Twenty lawyers offering free legal aid will be assigned by July to 20 of Cambodia’s provinces and municipalities, many of which are without practicing lawyers, the Cambodian Bar Association and the French legal group Avocats Sans Frontieres France announced Tuesday.
The bar association, which has been wracked by an internal leadership struggle for well over a year, is selecting lawyers along with the ASFF from a pool of 30 applicants collected by the association, ASFF deputy project leader Francois Roger said.
“Our local team, which has in recent weeks scoured Cambodia, visited all courts, met with magistrates and clerks, and inventoried needs, has observed that at 10 courts there is no resident lawyer,” Roger said at a signing ceremony for the project in Phnom Penh.
“The defense must not be absent even if the jurisdiction is far from the capital,” he said.
The project will receive nearly $700,000 from the European Union over three years.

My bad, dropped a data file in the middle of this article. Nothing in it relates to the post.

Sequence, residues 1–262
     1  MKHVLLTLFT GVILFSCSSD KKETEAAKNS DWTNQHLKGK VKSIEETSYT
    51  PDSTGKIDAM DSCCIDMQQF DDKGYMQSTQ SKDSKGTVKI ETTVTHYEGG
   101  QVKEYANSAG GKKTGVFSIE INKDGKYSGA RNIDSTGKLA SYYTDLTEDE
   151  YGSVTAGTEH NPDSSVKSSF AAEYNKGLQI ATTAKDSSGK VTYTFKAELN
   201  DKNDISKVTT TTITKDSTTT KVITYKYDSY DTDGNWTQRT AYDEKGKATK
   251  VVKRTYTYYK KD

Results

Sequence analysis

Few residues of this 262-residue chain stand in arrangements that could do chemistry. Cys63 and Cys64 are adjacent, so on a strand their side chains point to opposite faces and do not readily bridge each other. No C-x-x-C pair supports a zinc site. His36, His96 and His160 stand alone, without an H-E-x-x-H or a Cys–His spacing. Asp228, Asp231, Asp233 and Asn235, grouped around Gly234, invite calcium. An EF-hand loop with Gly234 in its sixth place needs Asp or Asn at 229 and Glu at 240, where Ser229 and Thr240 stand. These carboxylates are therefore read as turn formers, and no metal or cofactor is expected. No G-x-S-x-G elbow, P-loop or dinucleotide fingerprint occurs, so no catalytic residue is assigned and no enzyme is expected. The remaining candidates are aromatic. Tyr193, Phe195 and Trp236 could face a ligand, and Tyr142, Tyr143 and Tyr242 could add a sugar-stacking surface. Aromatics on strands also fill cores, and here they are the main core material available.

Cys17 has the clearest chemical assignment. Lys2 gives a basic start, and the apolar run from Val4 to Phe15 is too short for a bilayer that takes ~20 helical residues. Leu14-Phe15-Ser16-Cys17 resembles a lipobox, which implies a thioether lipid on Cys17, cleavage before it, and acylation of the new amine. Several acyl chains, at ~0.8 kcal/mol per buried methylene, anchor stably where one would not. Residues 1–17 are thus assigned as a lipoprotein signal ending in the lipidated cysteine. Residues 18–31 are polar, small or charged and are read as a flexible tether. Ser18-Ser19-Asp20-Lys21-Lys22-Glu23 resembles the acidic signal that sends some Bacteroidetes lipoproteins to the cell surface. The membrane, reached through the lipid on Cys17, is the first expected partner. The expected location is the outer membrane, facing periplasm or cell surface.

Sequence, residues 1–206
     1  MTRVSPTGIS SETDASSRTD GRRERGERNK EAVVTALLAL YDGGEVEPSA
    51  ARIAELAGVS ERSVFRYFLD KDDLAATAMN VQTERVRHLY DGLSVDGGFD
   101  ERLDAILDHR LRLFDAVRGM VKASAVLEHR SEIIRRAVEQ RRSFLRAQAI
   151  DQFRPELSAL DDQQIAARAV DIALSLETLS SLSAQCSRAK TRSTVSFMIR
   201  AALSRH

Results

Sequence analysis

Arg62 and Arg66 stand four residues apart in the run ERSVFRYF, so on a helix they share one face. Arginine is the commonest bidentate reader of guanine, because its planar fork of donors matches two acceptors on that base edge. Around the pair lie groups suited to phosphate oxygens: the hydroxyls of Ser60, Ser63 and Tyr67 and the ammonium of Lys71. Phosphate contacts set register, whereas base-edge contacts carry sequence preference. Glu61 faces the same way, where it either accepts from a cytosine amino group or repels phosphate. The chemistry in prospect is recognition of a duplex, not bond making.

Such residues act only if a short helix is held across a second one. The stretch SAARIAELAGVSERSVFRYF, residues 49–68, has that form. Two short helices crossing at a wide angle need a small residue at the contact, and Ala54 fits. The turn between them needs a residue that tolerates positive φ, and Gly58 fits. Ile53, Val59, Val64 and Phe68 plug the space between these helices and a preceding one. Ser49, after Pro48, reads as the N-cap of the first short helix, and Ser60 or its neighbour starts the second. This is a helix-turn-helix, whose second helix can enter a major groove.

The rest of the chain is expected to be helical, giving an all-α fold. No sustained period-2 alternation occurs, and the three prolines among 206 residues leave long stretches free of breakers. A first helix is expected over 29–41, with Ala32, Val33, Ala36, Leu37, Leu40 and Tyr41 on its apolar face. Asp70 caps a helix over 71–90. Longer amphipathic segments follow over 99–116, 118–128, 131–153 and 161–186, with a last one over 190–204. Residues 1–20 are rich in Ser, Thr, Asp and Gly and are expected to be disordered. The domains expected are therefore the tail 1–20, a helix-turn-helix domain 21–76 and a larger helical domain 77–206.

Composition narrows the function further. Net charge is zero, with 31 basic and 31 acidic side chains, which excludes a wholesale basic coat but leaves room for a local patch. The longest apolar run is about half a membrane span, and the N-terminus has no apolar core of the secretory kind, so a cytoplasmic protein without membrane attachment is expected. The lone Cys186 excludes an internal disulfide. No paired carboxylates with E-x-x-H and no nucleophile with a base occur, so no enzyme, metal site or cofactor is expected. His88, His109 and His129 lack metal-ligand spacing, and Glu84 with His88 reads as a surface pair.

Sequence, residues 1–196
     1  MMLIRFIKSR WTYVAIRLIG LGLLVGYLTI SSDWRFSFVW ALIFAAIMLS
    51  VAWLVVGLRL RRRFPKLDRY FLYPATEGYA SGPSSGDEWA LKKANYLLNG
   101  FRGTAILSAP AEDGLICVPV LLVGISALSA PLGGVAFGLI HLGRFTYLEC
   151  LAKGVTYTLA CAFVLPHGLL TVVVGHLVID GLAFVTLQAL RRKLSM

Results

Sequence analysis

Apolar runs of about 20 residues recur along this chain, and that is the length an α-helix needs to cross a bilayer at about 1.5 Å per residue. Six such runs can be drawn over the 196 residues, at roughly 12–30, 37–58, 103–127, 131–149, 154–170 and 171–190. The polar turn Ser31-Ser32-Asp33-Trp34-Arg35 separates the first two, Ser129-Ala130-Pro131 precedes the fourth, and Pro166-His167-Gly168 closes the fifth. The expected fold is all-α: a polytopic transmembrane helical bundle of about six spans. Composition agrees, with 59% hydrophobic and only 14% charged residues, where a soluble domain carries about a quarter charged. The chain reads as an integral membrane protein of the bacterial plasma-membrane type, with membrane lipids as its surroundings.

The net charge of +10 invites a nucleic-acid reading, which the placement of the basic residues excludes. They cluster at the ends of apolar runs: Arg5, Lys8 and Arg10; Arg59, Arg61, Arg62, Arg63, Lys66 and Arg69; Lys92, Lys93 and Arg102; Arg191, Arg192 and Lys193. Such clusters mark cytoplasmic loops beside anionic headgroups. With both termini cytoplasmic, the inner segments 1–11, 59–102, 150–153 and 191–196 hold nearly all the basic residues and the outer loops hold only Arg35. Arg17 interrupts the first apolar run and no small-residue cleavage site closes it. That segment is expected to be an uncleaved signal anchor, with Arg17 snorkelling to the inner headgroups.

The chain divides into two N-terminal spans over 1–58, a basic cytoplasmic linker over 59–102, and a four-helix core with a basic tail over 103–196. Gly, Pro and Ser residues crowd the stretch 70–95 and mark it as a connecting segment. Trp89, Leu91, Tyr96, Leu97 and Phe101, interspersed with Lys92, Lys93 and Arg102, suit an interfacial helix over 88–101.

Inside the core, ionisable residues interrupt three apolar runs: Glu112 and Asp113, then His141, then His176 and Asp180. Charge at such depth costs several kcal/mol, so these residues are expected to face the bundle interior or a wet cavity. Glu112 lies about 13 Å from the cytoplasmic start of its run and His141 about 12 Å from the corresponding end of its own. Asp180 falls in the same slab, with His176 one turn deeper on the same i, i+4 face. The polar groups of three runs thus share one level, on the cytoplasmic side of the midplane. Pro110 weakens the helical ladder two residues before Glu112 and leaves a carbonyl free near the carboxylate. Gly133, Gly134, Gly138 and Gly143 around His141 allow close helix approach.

During that time, the funds will be used to pay the 20 Cambodian lawyers between $250 and $300 each per month to handle between five and 10 cases per week on behalf of ASFF, according to Jean-Baptiste de Seze, who toured the Cambodian courts for the organization.
The selected lawyers will be allowed to have private clients so that they can continue to practice independently, he said.
Suong Chanthorn, director of legal aid at the bar association, said lawyers are currently concentrated in Phnom Penh for financial reasons.
“This will at least reduce hearings without lawyers, and pre-trial detention that is longer than the law allows,” he said.
Ky Tech, who lost an election for the association’s presidency in April 2004 to council member Suon Visal but refused to step down, signed off on the agreement between the two organizations at the signing ceremony.
Asked whether the problems at the bar association would impact on the project’s success, Roger said he did not believe that Ky Tech’s departure from his position would jeopardize the project.
(Additional reporting by Pin Sisovann)